The Role of Ion Channels in Hypoxic Pulmonary Vasoconstriction

VA Medical Center, 1 Veterans Drive, 111C, Minneapolis, MN, 55417, USA.
Advances in Experimental Medicine and Biology (Impact Factor: 1.83). 01/2010; 661:3-14. DOI: 10.1007/978-1-60761-500-2_1
Source: PubMed

ABSTRACT Hypoxic pulmonary vasoconstriction (HPV) is an important mechanism by which localized flow of blood in small resistance pulmonary arteries is matched to alveolar ventilation. This chapter discusses the role of several potassium and calcium channels in HPV, both in enhancing calcium influx into smooth muscle cells (SMCs) and in stimulating the release of calcium from the sarcoplasmic reticulum, thus increasing cytosolic calcium. The increase in calcium sensitivity caused by hypoxia is reviewed in Chapter 19. Particular attention is paid to the activity of the L-type calcium channels which increase calcium influx as a result of membrane depolarization and also increase calcium influx at any given membrane potential in response to hypoxia. In addition, activation of the L-type calcium channel may, in the absence of any calcium influx, cause calcium release from the sarcoplasmic reticulum. Many of these mechanisms have been reported to be involved in both HPV and in normoxic contraction of the ductus arteriosus.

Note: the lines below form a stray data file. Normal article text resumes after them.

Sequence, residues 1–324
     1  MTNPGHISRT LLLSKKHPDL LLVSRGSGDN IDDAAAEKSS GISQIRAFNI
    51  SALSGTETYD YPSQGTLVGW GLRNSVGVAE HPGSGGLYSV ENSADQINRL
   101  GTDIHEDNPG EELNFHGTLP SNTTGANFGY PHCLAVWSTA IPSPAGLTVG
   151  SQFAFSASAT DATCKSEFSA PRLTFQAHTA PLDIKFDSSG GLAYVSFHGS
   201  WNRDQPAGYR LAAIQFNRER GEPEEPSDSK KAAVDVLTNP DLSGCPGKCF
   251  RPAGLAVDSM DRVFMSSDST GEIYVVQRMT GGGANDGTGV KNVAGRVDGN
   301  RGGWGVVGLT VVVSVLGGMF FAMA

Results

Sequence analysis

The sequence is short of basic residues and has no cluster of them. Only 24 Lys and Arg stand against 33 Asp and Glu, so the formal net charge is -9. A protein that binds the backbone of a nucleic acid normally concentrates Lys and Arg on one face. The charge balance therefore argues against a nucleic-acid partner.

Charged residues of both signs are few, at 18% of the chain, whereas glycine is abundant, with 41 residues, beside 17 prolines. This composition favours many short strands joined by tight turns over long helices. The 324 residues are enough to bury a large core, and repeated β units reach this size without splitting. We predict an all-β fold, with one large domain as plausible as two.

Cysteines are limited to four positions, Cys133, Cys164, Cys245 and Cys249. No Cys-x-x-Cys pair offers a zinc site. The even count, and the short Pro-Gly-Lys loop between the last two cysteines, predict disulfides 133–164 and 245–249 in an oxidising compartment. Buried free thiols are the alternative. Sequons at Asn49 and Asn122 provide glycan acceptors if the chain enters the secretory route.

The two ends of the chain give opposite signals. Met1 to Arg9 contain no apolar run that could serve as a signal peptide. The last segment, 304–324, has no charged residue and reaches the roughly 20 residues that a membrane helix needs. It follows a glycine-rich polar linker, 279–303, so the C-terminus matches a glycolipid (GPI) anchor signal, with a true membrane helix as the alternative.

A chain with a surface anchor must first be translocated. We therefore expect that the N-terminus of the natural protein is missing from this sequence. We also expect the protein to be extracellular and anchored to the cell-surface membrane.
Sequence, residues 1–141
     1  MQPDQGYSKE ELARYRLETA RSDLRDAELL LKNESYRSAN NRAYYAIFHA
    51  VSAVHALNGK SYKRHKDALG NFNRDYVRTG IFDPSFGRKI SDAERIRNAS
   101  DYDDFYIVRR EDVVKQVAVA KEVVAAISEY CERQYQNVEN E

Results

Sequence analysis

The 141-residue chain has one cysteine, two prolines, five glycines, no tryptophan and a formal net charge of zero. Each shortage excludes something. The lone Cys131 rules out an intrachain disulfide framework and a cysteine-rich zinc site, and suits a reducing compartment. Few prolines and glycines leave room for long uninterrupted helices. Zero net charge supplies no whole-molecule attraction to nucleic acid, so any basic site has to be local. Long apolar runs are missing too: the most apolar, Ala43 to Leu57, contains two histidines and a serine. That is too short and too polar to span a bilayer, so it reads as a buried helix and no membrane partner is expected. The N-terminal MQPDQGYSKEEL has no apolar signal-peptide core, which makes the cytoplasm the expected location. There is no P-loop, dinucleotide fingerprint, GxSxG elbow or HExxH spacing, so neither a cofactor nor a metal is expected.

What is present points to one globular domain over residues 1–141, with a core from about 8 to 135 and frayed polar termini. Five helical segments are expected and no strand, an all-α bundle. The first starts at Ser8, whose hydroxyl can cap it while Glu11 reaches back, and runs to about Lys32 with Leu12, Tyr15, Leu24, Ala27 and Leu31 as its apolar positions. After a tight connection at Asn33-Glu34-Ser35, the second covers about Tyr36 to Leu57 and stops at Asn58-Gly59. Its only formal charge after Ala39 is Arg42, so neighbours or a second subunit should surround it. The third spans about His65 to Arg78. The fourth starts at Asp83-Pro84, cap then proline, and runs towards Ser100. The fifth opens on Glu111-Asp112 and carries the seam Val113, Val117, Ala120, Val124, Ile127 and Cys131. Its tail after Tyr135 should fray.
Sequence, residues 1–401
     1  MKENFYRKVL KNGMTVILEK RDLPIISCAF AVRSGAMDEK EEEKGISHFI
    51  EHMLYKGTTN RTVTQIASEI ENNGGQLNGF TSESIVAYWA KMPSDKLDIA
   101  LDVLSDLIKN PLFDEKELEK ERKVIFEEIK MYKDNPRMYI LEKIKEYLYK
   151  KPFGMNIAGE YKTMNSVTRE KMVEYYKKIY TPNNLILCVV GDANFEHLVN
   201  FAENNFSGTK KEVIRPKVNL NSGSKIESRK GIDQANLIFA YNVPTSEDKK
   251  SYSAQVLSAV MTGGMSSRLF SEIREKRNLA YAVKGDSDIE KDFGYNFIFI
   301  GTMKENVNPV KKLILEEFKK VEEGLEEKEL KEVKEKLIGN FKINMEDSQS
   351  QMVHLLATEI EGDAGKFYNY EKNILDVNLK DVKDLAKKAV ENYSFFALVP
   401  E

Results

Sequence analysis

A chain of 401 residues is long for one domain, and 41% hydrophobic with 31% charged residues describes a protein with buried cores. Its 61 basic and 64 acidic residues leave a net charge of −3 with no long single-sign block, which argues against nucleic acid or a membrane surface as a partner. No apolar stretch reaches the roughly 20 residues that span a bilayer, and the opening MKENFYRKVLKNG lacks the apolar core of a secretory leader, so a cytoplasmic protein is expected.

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    ABSTRACT: Significance: An acute lack of oxygen in the lung causes hypoxic pulmonary vasoconstriction, which optimizes gas exchange. In contrast, chronic hypoxia triggers a pathological vascular remodeling causing pulmonary hypertension, and ischemia can cause vascular damage culminating in lung edema. Recent advances: Regulation of ion channel expression and gating by cellular redox state is a widely accepted mechanism; however, it remains a matter of debate whether an increase or a decrease in reactive oxygen species (ROS) occurs under hypoxic conditions. Ion channel redox regulation has been described in detail for some ion channels, such as Kv channels or TRPC6. However, in general information on ion channel redox regulation remains scant. Critical issues and future directions: In addition to the debate of increased vs. decreased ROS production during hypoxia, we aim here to describe and decipher why different oxidants, under different conditions can cause both, activation and inhibition of channel activity. While the upstream pathways affecting channel gating are often well described, we need a better understanding of redox protein modifications in order to be able to determine the complexity of ion channel redox regulation. Against this background we summarize the current knowledge on hypoxia-induced ROS-mediated ion channel signaling in the pulmonary circulation.
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